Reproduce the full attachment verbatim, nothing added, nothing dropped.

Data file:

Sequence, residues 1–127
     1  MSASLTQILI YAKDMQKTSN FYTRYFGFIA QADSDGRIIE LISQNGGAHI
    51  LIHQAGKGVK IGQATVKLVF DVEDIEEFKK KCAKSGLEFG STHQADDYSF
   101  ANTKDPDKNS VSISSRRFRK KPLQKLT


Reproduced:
Sequence, residues 1–127
     1  MSASLTQILI YAKDMQKTSN FYTRYFGFIA QADSDGRIIE LISQNGGAHI
    51  LIHQAGKGVK IGQATVKLVF DVEDIEEFKK KCAKSGLEFG STHQADDYSF
   101  ANTKDPDKNS VSISSRRFRK KPLQKLT